4 min read
While substantively editing small or first-time authors of fiction, I sometimes find my mind wandering.
Turning the page becomes a task, instead of something I look forward to.
Basically, I’m doing the reading equivalent of 🐑 1 … 🐑 2 … 🐑 3 …
In these cases, it’s taken a little while to notice that something’s wrong. But what?
On the surface, everything seems fine. Sentences are tight, the wording and dialogue is on point. I can even be really impressed with the writing at the sentence-level, but still, there’s something…off.
Then I realize: Where’s the problem?
The issue with these snoozers is that the story has no central problem. There’s nothing hinting at an overarching conflict or journey that keeps the reader grounded and hooked, which equals a boring story.
I have edited more than one 300+ page novel that didn’t have a central problem, or whose central problem was so weak or veiled that there might as well not have been one.
Authors, ask yourself this: Can you name—right now—what the central problem is in your story? If not, you’ve got a problem (and not the kind you need.)
The origins of the problem-less story
Let’s back it up a bit. How is a problem-less story written in the first place?
There are so many aspects to story writing that sometimes we writers get caught up in one or two areas, instead of looking at the story holistically. Maybe we’re running on pure motivation (maybe after getting a helpful kick in the pants, like this one 😉).
Or, we might be obsessed with world-building, loving the cities, kingdoms, or forests we’ve written that are filled with distinct characters or enchanted creatures. We barrel, head-first, into creating the most believable, rich places we can… and then get stuck there.
Or maybe we’re into character, delving deeply into our new favourite imaginary friend’s psyche and delight in exploring their inner world.
Whatever we’ve focused on, it has magnified in significance at the expense of creating conflict. This is a problem that needs to be solved because creating conflict is the main hook that’s going to keep your readers interested.
Why creating conflict matters for you
A problem, or series of problems, is the main momentum of your story.
Think of it from your reader’s perspective: Why bother turning the page when things are all rosey, or when events aren’t connected by obstacles your character or characters need to overcome?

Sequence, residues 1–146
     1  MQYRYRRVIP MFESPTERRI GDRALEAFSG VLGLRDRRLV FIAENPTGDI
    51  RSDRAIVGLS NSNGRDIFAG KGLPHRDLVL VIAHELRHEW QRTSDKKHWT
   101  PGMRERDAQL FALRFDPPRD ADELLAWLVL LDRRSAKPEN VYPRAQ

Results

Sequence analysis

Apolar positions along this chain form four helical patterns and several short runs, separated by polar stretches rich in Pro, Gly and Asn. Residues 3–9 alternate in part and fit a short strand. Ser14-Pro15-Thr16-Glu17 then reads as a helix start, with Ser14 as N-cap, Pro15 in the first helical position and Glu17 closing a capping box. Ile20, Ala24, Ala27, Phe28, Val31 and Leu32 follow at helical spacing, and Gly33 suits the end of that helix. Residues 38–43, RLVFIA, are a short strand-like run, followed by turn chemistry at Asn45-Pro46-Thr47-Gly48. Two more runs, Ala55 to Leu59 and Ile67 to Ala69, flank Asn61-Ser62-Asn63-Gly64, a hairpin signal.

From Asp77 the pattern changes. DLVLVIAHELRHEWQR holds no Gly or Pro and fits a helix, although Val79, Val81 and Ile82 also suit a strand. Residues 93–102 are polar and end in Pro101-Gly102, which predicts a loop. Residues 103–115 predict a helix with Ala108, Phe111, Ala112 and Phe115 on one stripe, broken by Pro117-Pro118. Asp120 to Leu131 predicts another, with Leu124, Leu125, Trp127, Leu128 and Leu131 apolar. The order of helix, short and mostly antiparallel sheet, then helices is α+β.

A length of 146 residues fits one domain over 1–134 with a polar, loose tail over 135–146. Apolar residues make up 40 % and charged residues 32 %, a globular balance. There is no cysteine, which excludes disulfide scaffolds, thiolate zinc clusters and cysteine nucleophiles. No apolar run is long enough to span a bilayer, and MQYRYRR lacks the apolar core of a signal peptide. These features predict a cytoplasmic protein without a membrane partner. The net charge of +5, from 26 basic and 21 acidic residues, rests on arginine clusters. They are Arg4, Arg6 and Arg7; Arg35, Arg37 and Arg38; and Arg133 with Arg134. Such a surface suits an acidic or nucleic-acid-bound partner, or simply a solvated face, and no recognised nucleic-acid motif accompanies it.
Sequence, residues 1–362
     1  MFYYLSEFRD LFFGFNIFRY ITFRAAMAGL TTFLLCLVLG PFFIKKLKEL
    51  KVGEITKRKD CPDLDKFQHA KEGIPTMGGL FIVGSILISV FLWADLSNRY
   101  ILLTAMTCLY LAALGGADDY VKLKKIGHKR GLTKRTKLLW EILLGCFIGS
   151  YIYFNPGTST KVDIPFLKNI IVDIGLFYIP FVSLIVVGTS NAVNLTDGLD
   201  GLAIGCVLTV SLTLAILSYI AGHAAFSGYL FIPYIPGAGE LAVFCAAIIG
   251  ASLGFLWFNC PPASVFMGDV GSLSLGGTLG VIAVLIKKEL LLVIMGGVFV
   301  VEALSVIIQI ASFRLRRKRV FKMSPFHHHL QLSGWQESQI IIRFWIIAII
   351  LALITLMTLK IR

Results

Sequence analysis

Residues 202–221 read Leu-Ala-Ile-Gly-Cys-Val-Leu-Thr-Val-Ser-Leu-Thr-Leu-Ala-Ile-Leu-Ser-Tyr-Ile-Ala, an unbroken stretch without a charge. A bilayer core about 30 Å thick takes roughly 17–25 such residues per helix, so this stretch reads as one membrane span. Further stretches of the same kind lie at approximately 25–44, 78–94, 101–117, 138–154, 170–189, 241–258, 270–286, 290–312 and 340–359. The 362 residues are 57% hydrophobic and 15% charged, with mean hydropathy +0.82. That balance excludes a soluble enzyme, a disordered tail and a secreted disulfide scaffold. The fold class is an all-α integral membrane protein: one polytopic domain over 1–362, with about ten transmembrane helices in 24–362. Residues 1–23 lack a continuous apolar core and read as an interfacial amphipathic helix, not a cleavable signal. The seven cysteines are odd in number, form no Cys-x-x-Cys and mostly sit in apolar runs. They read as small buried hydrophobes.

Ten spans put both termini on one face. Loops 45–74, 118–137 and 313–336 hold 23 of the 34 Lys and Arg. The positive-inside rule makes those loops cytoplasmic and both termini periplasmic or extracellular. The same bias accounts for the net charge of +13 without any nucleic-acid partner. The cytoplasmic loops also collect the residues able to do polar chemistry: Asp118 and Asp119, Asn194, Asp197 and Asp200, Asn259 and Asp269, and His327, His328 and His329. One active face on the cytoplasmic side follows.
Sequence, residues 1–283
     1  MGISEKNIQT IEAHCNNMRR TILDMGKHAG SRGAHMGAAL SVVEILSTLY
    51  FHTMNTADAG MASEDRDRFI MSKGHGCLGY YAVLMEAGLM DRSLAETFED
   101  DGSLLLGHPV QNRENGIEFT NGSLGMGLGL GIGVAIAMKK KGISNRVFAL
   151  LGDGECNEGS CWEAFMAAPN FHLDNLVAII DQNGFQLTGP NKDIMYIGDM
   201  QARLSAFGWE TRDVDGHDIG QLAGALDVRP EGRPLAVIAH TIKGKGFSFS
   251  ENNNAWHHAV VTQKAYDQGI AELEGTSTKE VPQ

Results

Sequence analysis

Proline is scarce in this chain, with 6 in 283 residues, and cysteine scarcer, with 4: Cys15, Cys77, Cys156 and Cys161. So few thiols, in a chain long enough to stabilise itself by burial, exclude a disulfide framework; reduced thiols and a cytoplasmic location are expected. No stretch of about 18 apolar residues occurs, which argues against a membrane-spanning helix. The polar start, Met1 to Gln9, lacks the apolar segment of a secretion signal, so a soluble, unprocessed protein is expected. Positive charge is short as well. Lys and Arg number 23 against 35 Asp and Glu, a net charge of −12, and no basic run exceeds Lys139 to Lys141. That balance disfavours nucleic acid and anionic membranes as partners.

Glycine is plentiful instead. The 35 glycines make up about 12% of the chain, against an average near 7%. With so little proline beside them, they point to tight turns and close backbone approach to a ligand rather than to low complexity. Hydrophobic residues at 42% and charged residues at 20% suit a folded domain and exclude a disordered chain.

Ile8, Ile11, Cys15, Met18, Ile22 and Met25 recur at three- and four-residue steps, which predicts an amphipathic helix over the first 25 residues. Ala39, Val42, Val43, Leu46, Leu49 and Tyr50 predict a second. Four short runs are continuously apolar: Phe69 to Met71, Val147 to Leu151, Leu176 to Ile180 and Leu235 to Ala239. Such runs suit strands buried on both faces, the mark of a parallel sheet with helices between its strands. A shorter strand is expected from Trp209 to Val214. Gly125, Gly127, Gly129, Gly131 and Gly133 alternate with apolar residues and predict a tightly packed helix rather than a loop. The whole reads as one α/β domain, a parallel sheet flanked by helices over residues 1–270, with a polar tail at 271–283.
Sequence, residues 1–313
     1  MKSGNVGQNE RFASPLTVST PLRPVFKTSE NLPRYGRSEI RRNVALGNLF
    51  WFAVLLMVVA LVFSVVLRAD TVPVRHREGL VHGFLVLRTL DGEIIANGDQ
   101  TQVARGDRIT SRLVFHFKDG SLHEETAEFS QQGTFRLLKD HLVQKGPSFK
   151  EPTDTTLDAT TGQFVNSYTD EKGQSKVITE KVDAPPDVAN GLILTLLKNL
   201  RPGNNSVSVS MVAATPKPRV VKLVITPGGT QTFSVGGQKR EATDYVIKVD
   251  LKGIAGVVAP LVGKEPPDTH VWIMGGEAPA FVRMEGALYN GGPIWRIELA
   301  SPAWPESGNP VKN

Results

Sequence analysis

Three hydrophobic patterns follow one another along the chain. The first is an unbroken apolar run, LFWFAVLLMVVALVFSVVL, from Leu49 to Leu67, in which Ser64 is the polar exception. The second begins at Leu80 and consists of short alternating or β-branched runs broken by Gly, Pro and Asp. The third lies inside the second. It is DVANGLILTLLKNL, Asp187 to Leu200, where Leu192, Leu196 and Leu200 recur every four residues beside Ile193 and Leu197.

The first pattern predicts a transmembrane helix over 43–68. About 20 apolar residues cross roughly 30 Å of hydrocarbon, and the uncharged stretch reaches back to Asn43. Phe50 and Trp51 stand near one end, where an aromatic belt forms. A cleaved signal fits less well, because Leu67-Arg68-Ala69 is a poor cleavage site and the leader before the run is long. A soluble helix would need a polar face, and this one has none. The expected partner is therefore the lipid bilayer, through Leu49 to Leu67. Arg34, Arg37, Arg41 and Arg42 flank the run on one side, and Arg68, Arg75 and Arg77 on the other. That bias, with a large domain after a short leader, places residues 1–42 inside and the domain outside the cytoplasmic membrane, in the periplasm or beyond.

Have you ever noticed how much of your reading is driven by a sense of mystery? As readers we are always wondering what will happen next. This gap between what we already know, and what is about to be revealed is the mystery that keeps us reading on.
“And then what happened?” is the question we continually want answered, but only when there is conflict in the way.
A story isn’t just a sequence of events. It’s a sequence of events glued together by conflict
We wouldn’t want to read a story about a guy named Simon who goes to the grocery store to buy ingredients for soup. Then talks to the cashier. Then bumps into a friend. Then goes home to make soup. Then goes to the movies. Then has a great time at a baseball game. (You get the picture.)
We want a story about a guy named Simon who goes to the grocery store and starts his shopping, like any other day, when suddenly he catches someone in the corner of his eye—himself. There Simon is, staring at himself, re-stocking the oranges…
Realize that the human brain is a prediction machine
Pet theory alert: I think that all stories are essentially mystery stories because we are all trying to solve a puzzle as we read.
Our brains want to find and solve problems. There is something innate in our minds that likes a good story because stories show us problem scenarios and then reveal to us at least one solution.
It might not be the best solution our character could have arrived at. It might not even be a pleasant solution. But to our brain, it’s gold.
As we read, we learn how to connect the dots because these connections, these maps, help us understand motivation, struggle, emotions, and the stakes of life’s unsteady terrain. Only a story operating through conflict can show us this.
Give your readers what their brain craves by keeping them hooked with ongoing conflict
We need tension, and we need a lot of it to keep us interested and engaged.
But there are rules. The conflict should:
- have stakes.
- not be too easily overcome.
- not be unsurmountable.
- have lasting effects on your character (or characters).
Remember one of the golden rules of writing: the main character should be a different person at the end of your story than at the beginning.
This can only happen by creating conflict.
But how do we create conflict that keeps readers hooked?
Check back soon. I’ll be writing about that later this week 🙂
What do you think? Have you ever written a story and realized things were running too smoothly for your character? How did you inject conflict into your story? Comment below—I’d love to know. Please share if you’ve found this useful!